Talk about good timing. I arrived in Italy (Portofino, to be exact) just as the celebration over Italy's World Cup win kicked into high gear. Very high gear. Green, red, and white Il Tricolore Italian flags and blue Azzurri team jerseys are everywhere. And people are hugging and beaming and going wild in this country which, more than any other, has mastered functional anarchy. On TV, the video of French star Zinedine Zidane head-butting Italian defender Marco Materazzi in the chest has become the sports version of Howard Dean's scream, endlessly replayed. And like the Dean Scream, the Zidane Butt is all over the Web. I loved seeing how the New York Times website linked to a clip of it on YouTube -- one more bit of evidence that we're not in Media Kansas anymore, Toto (of course, the Times being the Times, they linked to the video featuring the moment as covered by French TV: "Mais pourquoi? Mais pourquoi? Mais pourquoi?" -- "But why? But why? But why?" -- the announcer plaintively repeats). And the Zidane mashups have begun in earnest.
Watching the game, it was immediately clear that the head-butt was going to be big. "Did you see the Italian guy pinched Zidane's nipple?" one of my very observant friends pointed out as soon as it happened. And then our game began: what did Materazzi say to Zidane right after the nipple pinch that provoked him to such an extent? (Most of the suggestions are not postable on a family blog).
"He must have said something about his mother," guessed one friend. "Like 'Your mother is a whore.'"
"No," said another. "These are, above all, macho guys. He pinched his nipple then said, 'Did you like that, sweetie?'"
Steve Martin provided the topper: "No, this is an Italian talking to a Frenchman. He must have told him 'Descartes bites the big one!'"
Given all the attention this is getting in the European press, we'll likely know the truth sooner rather than later, especially since Zidane is such a legend in France. Already one French paper, L'Equipe, is speculating that Materazzi called Zidane "a terrorist."
This is one of those cultural moments that can easily become, well, a political football. In the Times' coverage of the soccer match, and what it called Zidane's "astonishing act of unsportsmanlike behavior," the paper points out that Zidane, the son of Algerian immigrants, had, in leading France to victory in the 1998 World Cup, "struck a blow for multi-culturalism and became a rebuke of anti-immigration sentiment in France." Will that worm now turn?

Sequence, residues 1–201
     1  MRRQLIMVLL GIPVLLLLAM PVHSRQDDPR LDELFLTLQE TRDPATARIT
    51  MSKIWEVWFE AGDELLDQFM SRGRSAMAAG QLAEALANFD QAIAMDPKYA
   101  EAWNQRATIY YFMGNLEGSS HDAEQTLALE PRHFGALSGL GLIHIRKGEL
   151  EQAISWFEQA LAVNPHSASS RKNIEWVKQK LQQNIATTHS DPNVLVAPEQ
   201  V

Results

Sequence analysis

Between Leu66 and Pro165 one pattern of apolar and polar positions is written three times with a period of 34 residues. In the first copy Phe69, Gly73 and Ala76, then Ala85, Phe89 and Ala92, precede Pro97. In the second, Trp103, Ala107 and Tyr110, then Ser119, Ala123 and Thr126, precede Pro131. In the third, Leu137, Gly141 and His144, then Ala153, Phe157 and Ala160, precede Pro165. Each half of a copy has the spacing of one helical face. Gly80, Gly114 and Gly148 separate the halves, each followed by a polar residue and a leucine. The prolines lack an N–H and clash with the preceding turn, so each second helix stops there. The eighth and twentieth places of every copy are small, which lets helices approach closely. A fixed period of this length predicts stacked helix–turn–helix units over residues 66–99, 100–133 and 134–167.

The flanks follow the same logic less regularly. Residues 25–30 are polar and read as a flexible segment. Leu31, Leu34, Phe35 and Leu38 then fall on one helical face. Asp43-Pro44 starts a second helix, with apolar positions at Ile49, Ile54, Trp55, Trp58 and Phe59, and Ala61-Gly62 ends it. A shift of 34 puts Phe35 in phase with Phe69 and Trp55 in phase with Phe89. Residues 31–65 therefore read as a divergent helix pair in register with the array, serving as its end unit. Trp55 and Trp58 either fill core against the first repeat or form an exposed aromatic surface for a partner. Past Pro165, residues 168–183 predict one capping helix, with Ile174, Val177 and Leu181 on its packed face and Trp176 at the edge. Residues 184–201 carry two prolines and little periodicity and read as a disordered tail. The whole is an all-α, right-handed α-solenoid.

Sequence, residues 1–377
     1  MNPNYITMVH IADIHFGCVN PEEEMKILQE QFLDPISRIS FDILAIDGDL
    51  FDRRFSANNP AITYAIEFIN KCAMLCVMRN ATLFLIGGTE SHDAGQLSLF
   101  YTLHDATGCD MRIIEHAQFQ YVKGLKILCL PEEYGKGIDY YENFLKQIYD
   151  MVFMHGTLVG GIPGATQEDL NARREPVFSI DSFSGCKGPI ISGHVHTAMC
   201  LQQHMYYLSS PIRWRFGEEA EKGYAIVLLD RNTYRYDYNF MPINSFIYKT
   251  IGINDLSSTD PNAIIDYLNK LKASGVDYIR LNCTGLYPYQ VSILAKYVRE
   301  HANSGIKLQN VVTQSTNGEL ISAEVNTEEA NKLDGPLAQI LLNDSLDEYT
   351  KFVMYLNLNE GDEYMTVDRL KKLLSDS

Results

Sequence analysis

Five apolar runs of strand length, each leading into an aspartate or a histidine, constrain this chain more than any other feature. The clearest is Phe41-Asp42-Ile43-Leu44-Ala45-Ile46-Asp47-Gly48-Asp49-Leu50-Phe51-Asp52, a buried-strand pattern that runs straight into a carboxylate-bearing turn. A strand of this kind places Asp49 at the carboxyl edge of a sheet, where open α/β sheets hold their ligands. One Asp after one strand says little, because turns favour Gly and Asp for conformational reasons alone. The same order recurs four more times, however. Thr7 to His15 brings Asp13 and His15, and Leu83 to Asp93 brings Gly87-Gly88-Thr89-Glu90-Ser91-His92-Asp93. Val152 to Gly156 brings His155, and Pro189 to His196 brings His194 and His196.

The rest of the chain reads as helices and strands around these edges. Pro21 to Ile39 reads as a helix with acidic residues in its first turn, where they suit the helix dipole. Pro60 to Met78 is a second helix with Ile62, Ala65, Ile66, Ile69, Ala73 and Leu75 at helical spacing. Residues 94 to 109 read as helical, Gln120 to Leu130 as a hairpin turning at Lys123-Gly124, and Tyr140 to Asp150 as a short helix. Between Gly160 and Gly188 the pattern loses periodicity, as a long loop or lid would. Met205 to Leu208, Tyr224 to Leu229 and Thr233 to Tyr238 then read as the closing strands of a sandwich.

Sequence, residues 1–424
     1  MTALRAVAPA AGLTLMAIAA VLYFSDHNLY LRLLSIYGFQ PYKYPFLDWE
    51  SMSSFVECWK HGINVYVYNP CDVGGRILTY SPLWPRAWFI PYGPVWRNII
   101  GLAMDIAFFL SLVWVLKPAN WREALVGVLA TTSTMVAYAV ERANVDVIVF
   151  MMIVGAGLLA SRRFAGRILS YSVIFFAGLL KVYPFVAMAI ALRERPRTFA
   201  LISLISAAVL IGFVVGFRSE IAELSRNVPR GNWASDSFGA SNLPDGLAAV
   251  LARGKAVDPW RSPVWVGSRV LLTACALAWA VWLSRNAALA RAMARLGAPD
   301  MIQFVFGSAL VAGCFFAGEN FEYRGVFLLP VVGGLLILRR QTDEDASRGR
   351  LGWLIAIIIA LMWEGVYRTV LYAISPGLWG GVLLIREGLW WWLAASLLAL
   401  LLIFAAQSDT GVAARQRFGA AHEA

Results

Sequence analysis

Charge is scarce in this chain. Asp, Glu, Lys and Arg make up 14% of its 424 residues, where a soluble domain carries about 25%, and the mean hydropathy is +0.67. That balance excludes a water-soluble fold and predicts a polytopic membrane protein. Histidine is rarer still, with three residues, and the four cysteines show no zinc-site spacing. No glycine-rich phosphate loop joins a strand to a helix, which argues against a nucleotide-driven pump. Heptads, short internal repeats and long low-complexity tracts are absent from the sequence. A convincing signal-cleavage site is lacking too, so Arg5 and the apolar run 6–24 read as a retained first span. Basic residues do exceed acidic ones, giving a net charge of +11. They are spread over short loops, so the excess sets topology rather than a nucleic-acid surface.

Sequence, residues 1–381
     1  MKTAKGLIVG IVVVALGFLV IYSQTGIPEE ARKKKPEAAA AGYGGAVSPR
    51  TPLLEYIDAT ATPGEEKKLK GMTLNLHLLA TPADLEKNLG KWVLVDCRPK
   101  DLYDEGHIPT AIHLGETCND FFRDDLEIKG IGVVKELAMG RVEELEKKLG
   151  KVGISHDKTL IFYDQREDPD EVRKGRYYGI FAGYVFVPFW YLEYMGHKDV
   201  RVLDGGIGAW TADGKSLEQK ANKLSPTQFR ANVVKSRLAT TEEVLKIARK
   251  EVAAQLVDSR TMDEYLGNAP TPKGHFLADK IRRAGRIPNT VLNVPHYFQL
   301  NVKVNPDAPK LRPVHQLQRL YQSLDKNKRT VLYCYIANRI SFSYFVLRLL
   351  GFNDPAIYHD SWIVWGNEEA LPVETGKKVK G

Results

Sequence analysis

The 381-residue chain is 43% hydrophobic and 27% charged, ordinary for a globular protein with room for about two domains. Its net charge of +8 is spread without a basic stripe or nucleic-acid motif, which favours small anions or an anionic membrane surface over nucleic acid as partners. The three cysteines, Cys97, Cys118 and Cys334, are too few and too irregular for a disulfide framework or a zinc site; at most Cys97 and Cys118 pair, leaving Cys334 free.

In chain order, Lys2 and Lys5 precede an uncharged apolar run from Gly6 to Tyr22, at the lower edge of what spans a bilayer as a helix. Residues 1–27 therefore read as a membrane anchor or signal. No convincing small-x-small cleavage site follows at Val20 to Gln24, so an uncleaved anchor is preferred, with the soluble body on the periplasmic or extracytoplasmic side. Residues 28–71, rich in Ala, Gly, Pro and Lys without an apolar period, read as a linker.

French President Jacques Chirac praised Zidane at a lunch reception on Monday: "You are a virtuoso, a genius of football and an exceptional human being. That is why France admires you." But will far-right French politicians like Jean-Marie Le Pen try to score political points using Zidane's moment of rage? As Simpsons writer Tim Long Blackberried me during the game: "Something tells me, Zidane is about to be transformed from French national hero into Algerian immigrant trouble maker." Talk about your penalty kick!
Watching the way Horacio Elizondo, the Argentinean referee, boldly reacted to Zidane's head-butt, resolutely showing him a red card and ejecting him from the game, made me think about how great it would be if we had the political equivalent of a red card -- something we could flash for campaign fouls and astonishing acts of bad political behavior that would immediately remove the perpetrators from the political pitch.
For instance, wouldn't you love to red-card Joe Lieberman for trying to have his primary and his independent run, too? (I'd show Barbara Boxer a yellow card for putting aside her anti-war principles and stumping for Lieberman in Connecticut.)
Tom DeLay threatening to retake the House seat he gave up last month? Red card!
And just think how much better our political life would have been if Karl Rove had been red-carded for his role in the vicious assault on John McCain during the 2000 South Carolina primary (a head-butt to the sternum isn't half as bad as push-polls spreading dark rumors that McCain had committed treason while a POW and fathered a black child with a prostitute). Or the way Rove helped Ralph Reed and Saxby Chambliss go after Max Cleland in 2002.
The Swift Boat crew would certainly have drawn a red card in 2004 -- as would the GOP hit squad currently trying to smear Jack Murtha.
And can you imagine how many red cards Patrick Fitzgerald would have whipped out during his Plamegate investigation? Grand juries are okay... but red cards rule!
The problem is we'd need a political referee willing to step up and pull the red card out of his pocket, even for a political superstar and even in the 110th minute of a political final.
And where oh where is our Horacio Elizondo?